Outside the Garden

This week, I’m struck by imagery of the Garden of Eden in our class texts. In Part I of Giovanni’s Room, as David is worrying about Giovanni’s sentence, Jacques comments to David, “Nobody can stay in the garden of Eden.” David reflects that people “have scarcely seen their garden before they see the flaming sword,” a reference to Adam and Eve being banished from the garden (239). I’m trying to think through a couple different ways of interpreting this motif, so I’d love to hear any of your insights if you’ve noticed this theme as well. 

On one level, it’s easy to connect this Bible story of being banished from the garden simply to Baldwin’s religious upbringing and/or David’s internalized homophobia, in which homosexuality is a sin. In particular, the Fall is associated with shame about the naked body, and especially queer shame in this context, so it would make sense that references to Eden in Giovanni’s Room are meant to evoke a backdrop of religious homophobia.

I also wonder if this idea of leaving the garden could connect to the literal geography of David’s and Baldwin’s lives. Both Baldwin and his character are in exile in France. For Baldwin, a Black, queer man, America has never been an Eden; and David is running from his identity. Leaving America for France is a sort of journey out of the garden. David reflects that “life only offers the choice of remembering the garden or forgetting it” (239). He connects leaving the garden to losing innocence—a pain he must either remember or deny. Both he and Baldwin are faced with living “outside the garden,” working out how to move through a world that does not protect those with non-normative identities. In this light, Paris seems to be a neutral space outside the garden for both Baldwin and David to negotiate their identities.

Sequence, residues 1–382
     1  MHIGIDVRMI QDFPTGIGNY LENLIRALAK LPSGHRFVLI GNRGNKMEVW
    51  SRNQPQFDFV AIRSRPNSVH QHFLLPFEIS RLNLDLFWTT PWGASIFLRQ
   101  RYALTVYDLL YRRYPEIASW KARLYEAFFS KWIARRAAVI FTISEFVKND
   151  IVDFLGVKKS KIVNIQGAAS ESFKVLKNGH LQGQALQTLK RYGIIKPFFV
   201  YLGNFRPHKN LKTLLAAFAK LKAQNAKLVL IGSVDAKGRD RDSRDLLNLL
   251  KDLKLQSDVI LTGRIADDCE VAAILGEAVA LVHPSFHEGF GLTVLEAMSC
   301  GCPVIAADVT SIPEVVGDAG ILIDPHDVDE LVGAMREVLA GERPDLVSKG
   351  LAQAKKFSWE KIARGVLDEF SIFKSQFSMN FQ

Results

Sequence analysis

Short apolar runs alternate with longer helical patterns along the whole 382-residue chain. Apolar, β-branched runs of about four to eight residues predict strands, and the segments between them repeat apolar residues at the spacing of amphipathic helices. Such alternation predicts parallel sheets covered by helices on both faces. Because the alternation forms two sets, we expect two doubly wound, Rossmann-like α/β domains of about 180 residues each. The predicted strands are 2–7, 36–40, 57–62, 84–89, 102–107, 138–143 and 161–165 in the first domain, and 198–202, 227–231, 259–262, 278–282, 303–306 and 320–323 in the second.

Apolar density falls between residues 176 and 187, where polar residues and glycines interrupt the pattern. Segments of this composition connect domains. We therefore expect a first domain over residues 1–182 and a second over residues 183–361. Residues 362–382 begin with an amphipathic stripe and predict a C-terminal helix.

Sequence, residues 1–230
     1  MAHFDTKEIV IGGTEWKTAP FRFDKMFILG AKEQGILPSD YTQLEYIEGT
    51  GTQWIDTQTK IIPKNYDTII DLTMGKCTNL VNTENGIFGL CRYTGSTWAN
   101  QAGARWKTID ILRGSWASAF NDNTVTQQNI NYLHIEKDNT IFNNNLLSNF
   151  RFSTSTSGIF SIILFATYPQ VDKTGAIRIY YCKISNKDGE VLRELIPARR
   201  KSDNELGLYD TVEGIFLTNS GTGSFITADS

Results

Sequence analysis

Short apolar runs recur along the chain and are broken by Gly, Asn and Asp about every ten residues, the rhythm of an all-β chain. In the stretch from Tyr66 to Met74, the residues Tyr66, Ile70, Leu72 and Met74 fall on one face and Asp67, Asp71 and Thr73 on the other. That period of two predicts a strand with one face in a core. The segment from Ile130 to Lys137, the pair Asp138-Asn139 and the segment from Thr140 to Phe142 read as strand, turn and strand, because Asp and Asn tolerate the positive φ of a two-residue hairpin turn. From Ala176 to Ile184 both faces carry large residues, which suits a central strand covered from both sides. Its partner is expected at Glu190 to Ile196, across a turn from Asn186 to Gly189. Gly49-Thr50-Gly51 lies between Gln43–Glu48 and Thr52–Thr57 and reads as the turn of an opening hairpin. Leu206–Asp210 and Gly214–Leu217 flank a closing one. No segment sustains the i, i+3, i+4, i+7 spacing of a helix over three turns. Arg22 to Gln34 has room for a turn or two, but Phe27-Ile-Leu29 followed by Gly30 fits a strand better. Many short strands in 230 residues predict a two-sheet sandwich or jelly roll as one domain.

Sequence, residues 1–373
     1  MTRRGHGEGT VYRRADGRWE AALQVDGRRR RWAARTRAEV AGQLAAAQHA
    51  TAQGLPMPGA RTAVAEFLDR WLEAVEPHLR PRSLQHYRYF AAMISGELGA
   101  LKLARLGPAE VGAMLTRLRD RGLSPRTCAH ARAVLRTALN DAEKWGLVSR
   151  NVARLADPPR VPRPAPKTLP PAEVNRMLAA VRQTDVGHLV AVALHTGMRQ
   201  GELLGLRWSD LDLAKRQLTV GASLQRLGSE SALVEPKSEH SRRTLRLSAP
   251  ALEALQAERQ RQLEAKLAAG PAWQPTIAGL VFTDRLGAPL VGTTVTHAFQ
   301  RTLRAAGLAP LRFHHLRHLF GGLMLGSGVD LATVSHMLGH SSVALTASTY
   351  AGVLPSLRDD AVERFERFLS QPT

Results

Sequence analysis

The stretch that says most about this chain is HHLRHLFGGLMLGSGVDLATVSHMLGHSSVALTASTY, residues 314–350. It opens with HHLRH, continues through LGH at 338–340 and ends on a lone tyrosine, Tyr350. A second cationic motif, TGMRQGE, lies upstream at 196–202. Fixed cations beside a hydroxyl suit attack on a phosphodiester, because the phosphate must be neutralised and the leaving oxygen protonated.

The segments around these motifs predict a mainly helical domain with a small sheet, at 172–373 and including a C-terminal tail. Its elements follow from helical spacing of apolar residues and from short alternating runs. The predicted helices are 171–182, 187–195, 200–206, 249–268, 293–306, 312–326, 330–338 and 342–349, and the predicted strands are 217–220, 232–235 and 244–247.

Of course, I’d be remiss not to mention Lil Nas X’s reclamation of Garden of Eden imagery in “Call Me By Your Name.” Lil Nas X gives us an unapologetically queer reread of the Eden myth in the imagery and lyrics. I’m curious if the rest of Giovanni’s Room will offer any hints of David and/or Baldwin similarly reclaiming the Garden of Eden in some way. 

2 thoughts on “Outside the Garden”

  1. I really like the analysis that the expulsion from the garden could relate to an experience of internalized homophobia. I wonder, in this reading, would sex with men, then, be the garden? As I wrote in my post last week, it seems like in certain moments of romantic or sexual communion with men, almost stop time for David. It is like the whole world shifts and a world where time is a choice opens up to David. This does seem to evidence a reading of queerness as Eden. What does this then do to the repurposed image? In my mind, it shows how Baldwin, like Lil Nas X with Renaissance Art, is reimagining and enlivening something that would be traditionally exclusive.

  2. I think you’re right that the departure from the garden is a loss of innocence and I definitely believe there could be geographical implications to this metaphor. But I wonder if Paris, or the idea of Paris at least, could function as the garden. Baldwin initially sees Paris as an escape; he idealizes it as a place where he can write and contemplate freely, and innocently to a certain extent. But after being in Paris for a while he realizes he is a stranger there, and thus no longer belongs in the garden. His knowledge of his own otherness casts himself out of Parisian culture. So I believe that the garden to Baldwin could be the idealized Paris as a form of escapism, and the fall from that garden is the realization of the true Paris, which is a place just as bleak as America to a certain extent.

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